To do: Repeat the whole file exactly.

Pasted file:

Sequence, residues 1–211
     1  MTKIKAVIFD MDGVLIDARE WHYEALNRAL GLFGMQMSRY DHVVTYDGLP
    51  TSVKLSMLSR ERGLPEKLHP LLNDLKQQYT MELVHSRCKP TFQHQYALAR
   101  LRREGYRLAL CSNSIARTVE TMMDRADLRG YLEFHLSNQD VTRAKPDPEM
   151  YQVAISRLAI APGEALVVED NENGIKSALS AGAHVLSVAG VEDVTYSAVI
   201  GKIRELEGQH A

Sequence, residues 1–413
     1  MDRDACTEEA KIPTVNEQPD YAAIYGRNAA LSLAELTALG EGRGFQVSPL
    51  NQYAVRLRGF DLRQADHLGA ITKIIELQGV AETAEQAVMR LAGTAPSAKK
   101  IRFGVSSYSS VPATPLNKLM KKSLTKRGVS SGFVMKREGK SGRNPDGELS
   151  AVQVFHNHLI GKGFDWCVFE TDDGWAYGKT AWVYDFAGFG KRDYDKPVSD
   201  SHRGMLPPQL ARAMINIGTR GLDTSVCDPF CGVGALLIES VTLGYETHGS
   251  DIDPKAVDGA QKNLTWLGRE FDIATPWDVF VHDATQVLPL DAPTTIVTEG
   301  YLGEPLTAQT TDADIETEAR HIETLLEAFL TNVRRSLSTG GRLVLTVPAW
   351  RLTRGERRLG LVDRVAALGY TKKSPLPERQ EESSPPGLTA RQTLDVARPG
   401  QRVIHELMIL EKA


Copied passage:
Sequence, residues 1–211
     1  MTKIKAVIFD MDGVLIDARE WHYEALNRAL GLFGMQMSRY DHVVTYDGLP
    51  TSVKLSMLSR ERGLPEKLHP LLNDLKQQYT MELVHSRCKP TFQHQYALAR
   101  LRREGYRLAL CSNSIARTVE TMMDRADLRG YLEFHLSNQD VTRAKPDPEM
   151  YQVAISRLAI APGEALVVED NENGIKSALS AGAHVLSVAG VEDVTYSAVI
   201  GKIRELEGQH A

Sequence, residues 1–413
     1  MDRDACTEEA KIPTVNEQPD YAAIYGRNAA LSLAELTALG EGRGFQVSPL
    51  NQYAVRLRGF DLRQADHLGA ITKIIELQGV AETAEQAVMR LAGTAPSAKK
   101  IRFGVSSYSS VPATPLNKLM KKSLTKRGVS SGFVMKREGK SGRNPDGELS
   151  AVQVFHNHLI GKGFDWCVFE TDDGWAYGKT AWVYDFAGFG KRDYDKPVSD
   201  SHRGMLPPQL ARAMINIGTR GLDTSVCDPF CGVGALLIES VTLGYETHGS
   251  DIDPKAVDGA QKNLTWLGRE FDIATPWDVF VHDATQVLPL DAPTTIVTEG
   301  YLGEPLTAQT TDADIETEAR HIETLLEAFL TNVRRSLSTG GRLVLTVPAW
   351  RLTRGERRLG LVDRVAALGY TKKSPLPERQ EESSPPGLTA RQTLDVARPG
   401  QRVIHELMIL EKA